OTTAWA – Canadians want all media service providers treated equally, and content producers want a stable tax credit regime, Heritage Minister Melanie Joly said Thursday as she spelled out the themes she latched onto from recent cross-country consultations on Canada’s media and cultural landscape.
However, Canadians don’t want to see any new costs borne by media companies passed on to them through their utility bills, she told a cultural industry symposium.
“We have to bear in mind that Canadians are anxious about their cost of living,” Joly told the Canadian Media Producers Association panel.
Canadians appear to accept the notion that services such as Netflix are put on a level playing field with traditional TV service providers, she said.
“The fact of having a platform-agnostic approach, that was something I heard, strongly,” said Joly.
Having a predictable tax credit regime for content producers was also a key message, the minister said.
The minister launched a review of Canadian content in a digital world in April, saying everything was on the table for discussion, including broadcast regulations, copyright law, funding mechanisms that support the creation of Canadian content, the role of the CBC and the mandate of the country’s broadcast and telecom regulator.
Much of the focus of the review has been on how the Internet has affected revenues for producers of local news and Canadian cultural content.
The dramatic shift in the television landscape, brought on by the growth of Internet-based services such as Netflix, led the Canadian Radio-television and Telecommunications Commission to encourage content producers to market Canadian content more globally. The CRTC also adopted new rules aimed at making traditional TV service providers more consumer friendly, including requirements to offer cheaper basic television packages and “a la carte” channel selection.
Some taking part in the consultations suggested the government adopt measures that would force Internet-based companies to help prop up Canada’s cultural sector, such as a so-called Netflix tax and Canadian content requirements for digital services.
While she vows there will be “no Netflix tax,” Joly is looking to other countries — particularly around Europe — in trying to determine how to ensure digital streaming and so-called “over-the-top” services contribute to Canada’s cultural industries.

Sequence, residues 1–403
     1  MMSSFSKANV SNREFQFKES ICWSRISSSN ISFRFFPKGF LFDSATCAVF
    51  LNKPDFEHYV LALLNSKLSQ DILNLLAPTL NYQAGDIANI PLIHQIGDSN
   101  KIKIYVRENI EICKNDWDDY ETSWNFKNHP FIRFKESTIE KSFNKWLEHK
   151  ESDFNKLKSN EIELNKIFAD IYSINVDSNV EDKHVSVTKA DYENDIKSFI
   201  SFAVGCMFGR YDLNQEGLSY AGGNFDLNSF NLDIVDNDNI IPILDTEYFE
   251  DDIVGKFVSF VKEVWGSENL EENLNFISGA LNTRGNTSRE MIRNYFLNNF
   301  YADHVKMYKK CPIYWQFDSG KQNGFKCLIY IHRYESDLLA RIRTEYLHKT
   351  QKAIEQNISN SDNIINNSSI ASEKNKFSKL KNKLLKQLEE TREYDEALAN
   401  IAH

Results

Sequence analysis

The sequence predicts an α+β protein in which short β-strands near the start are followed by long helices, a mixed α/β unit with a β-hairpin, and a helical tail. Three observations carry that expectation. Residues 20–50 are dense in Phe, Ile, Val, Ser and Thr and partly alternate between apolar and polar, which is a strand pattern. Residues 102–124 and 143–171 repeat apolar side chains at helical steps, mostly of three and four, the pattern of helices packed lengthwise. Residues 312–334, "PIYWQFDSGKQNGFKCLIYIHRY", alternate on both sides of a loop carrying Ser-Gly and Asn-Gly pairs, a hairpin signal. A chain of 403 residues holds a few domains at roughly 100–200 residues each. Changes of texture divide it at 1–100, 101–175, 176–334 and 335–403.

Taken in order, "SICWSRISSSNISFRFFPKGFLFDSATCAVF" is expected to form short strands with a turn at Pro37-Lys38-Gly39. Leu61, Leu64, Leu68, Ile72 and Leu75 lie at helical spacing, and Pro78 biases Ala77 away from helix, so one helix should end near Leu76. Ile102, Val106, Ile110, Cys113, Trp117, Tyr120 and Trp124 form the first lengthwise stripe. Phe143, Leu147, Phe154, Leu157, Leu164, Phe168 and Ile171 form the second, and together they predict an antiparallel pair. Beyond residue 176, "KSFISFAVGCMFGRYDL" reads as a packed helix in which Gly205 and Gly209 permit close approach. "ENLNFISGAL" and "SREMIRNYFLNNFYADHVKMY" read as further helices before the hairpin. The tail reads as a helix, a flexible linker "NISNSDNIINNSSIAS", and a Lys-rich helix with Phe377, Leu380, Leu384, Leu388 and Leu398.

In its recent submission to the consultations, the CMPA pointed to reforms adopted in Europe that it suggested could level the playing field and preserve cultural diversity.
Early last year the European Commission proposed reforms that would require online, on-demand platforms to devote at least 20 per cent of their digital libraries to European content. The proposal would also allow EU states to demand investments by production companies in European-made films and TV shows, either directly or through levies.
The CMPA said an updated “contribution model” similar to the European proposal is needed for “made-in-Canada” content.
It also called on the government to expand the definition of Canadian content and explore new tax incentives to foster more Canadian creative talent.
Joly said she has been studying what’s been taking place in Europe, but wouldn’t elaborate on which EU policies would benefit Canada’s cultural industries.
“We’re studying what France is doing, we’re studying what Germany is doing,” she said. “But countries need to discuss these issues together.”
Joly spoke at the Prime Time Ottawa event just hours after another panel heard Google describe the potential implications of taxing online platforms as “complicated.”
A Public Policy Forum report released a week ago, which was partly funded by Joly’s department, offered a grim assessment for the future of Canada’s media industry and warned the crisis that news companies are facing is harming democracy.
To help alleviate massive job cuts in the industry, it recommended, among a dozen suggestions, that federal tax laws be changed so foreign-owned websites including Google and Facebook be charged a 10 per cent levy on advertising revenues.
The report also called on the government to charge GST and HST on digital news subscriptions and advertising on digital media that failed to meet Canadian content rules.
The tax revenues, estimated to add up to $400 million per year, could then be transferred to a new, arms-length fund that would support local, civic and indigenous news reporting.
Joly said she was studying the report and would respond in the coming months.
While charging tax on online revenues may sound like a simple remedy to some, it’s much more complicated than that, said Jason Kee, public policy and government relations counsel at Google.
“About 70 per cent of the revenue that we bring in through our display networks actually goes back out to our partners,” Kee told a panel called Bleeding Red Ink: The Future of Canadian Media.
“It’s an important component to realize that it’s actually our content partners generating the content, and they actually get the majority of the (advertising) revenue.”
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